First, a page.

Most dogs are loving, affectionate creatures. However, it’s important to remember that all dogs have the capability to bite. With a little knowledge and caution, though, it’s easy to ensure your and your family’s safety around dogs.
Rick, our Canine Training School trainer, offers a few tips for National Dog Bite Prevention Week about how to teach children to safely interact with dogs.
When you adopt a new puppy or adult dog:
Supervise interactions between young children and the new furry family member for at least the first several weeks or until the child’s behavior reflects appropriate interaction.
Have your child watch when the new dog is learning how to sit before eating so the child can properly give the dog the cue to sit and place the dish down for the dog.
Kids should be involved in all in-house training such as walking the dog/puppy, cleaning up any messes, corrections for inappropriate behavior, and rewarding training cues like sit, down, off, etc.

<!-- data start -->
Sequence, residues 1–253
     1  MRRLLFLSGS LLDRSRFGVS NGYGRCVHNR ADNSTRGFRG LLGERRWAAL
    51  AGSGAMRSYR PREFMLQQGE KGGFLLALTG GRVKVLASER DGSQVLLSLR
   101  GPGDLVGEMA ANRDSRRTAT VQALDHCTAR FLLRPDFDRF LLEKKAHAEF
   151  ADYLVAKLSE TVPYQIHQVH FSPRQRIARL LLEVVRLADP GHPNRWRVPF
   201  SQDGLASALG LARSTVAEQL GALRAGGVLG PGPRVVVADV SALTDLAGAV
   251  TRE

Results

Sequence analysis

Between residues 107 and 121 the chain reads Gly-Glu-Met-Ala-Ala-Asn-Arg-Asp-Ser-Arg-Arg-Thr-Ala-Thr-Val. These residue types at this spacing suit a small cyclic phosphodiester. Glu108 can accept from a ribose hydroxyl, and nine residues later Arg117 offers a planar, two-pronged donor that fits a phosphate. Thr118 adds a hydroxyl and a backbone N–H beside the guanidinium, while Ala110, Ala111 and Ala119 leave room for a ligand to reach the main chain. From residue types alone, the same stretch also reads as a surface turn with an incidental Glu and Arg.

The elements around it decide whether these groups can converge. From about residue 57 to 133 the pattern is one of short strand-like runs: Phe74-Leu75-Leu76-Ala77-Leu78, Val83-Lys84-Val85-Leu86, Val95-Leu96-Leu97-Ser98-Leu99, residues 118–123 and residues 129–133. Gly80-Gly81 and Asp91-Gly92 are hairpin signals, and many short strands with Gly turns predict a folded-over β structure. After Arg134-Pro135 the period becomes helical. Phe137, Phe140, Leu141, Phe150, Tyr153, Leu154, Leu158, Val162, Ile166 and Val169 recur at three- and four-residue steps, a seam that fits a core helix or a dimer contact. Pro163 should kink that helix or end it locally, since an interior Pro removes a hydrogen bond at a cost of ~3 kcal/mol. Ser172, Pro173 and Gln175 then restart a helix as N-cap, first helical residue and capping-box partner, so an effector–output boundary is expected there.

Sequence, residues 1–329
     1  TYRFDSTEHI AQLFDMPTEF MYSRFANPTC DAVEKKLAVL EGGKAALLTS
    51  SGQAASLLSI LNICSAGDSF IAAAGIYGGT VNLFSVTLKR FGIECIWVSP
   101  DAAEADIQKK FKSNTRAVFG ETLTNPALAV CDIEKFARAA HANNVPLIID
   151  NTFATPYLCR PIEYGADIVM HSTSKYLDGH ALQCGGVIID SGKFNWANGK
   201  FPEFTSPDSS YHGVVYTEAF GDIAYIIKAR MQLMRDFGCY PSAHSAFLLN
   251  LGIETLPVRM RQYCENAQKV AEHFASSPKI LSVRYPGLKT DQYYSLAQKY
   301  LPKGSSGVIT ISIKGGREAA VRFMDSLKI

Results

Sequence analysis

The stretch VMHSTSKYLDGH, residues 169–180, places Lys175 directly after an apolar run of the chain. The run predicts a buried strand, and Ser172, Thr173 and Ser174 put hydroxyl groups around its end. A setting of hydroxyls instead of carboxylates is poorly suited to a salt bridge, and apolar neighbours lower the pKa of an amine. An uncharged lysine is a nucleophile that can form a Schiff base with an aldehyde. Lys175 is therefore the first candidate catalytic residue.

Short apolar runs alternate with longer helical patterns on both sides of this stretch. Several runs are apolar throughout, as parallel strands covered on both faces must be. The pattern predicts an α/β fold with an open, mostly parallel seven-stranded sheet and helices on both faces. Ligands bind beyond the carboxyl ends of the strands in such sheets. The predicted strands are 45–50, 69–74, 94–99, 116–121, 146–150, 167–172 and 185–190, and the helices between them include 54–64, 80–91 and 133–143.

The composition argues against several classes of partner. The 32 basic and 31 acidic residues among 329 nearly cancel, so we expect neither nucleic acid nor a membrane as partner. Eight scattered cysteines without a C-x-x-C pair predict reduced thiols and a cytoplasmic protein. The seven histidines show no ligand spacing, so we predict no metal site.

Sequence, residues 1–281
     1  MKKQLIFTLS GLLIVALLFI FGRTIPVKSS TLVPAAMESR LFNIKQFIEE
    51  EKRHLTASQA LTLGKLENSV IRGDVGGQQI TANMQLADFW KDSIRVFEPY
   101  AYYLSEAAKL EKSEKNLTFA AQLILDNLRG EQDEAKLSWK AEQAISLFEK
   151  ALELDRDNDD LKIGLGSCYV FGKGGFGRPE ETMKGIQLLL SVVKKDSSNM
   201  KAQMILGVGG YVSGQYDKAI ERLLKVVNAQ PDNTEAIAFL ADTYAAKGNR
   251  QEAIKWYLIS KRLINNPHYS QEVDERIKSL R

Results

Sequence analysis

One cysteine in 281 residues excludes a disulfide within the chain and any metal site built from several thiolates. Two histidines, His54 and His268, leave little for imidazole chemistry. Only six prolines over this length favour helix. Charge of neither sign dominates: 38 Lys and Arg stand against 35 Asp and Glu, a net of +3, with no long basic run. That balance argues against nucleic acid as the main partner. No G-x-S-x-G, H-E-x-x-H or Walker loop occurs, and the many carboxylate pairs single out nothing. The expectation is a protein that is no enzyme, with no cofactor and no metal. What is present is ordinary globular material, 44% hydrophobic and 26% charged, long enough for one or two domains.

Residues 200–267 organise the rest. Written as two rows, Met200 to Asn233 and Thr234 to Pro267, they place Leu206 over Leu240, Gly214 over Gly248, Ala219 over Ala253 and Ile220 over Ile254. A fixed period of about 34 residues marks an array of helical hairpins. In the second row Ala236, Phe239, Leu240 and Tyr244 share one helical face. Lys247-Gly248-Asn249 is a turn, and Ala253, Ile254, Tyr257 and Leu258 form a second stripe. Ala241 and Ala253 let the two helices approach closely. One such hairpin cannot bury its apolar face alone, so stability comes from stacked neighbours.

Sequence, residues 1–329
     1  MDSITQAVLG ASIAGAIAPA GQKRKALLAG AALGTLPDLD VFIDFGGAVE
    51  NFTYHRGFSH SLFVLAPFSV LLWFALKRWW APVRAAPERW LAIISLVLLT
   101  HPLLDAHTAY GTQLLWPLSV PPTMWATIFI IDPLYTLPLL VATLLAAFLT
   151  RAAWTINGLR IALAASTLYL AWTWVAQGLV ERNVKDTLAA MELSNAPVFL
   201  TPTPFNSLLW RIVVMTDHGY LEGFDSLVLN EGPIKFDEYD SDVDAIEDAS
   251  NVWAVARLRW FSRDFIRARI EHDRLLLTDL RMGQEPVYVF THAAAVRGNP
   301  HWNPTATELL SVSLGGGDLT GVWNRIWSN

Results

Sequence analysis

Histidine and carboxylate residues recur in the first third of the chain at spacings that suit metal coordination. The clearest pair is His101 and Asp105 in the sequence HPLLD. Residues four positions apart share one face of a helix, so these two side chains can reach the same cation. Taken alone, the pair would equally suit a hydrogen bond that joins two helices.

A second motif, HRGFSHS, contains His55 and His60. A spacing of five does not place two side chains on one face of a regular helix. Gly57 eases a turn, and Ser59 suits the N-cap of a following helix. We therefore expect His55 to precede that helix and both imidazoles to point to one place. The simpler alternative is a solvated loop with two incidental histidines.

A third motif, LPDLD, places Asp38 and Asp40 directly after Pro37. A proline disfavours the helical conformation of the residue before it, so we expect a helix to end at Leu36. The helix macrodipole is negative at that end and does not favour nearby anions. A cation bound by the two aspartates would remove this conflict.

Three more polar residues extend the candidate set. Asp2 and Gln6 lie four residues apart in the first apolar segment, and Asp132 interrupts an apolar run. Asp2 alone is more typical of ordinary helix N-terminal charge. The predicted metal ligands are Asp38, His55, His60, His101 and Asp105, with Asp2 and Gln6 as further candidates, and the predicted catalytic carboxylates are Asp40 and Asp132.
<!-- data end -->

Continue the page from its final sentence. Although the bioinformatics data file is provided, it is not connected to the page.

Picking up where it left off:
Your child should accompany you to positive, reward-based dog training classes, offered at the shelter, in order to learn how to train the new addition to the household.
Ensure your child’s safety around strange or stray dogs:
A child should never approach a dog that is off-lead or not accompanied by its owner. If a dog is accompanied by its owner and the child would like to approach or pet the dog, the child should ask permission of the owner before doing so and not run toward the dog. Many dogs are not used to kids quickly approaching.
A child should not give treats to a dog without permission from the owner.
If you follow these tips, you can ensure your kid’s safety and foster positive relationships with dogs!
For help on interacting with your dog in fun and safe ways, check out our Canine Training School. And for even more information, check out the CDC’s Dog Bite Prevention page. For a more in-depth at dog bites, read “Dogs Bite: But Balloons and Slippers Are More Dangerous”, by Janis Bradley.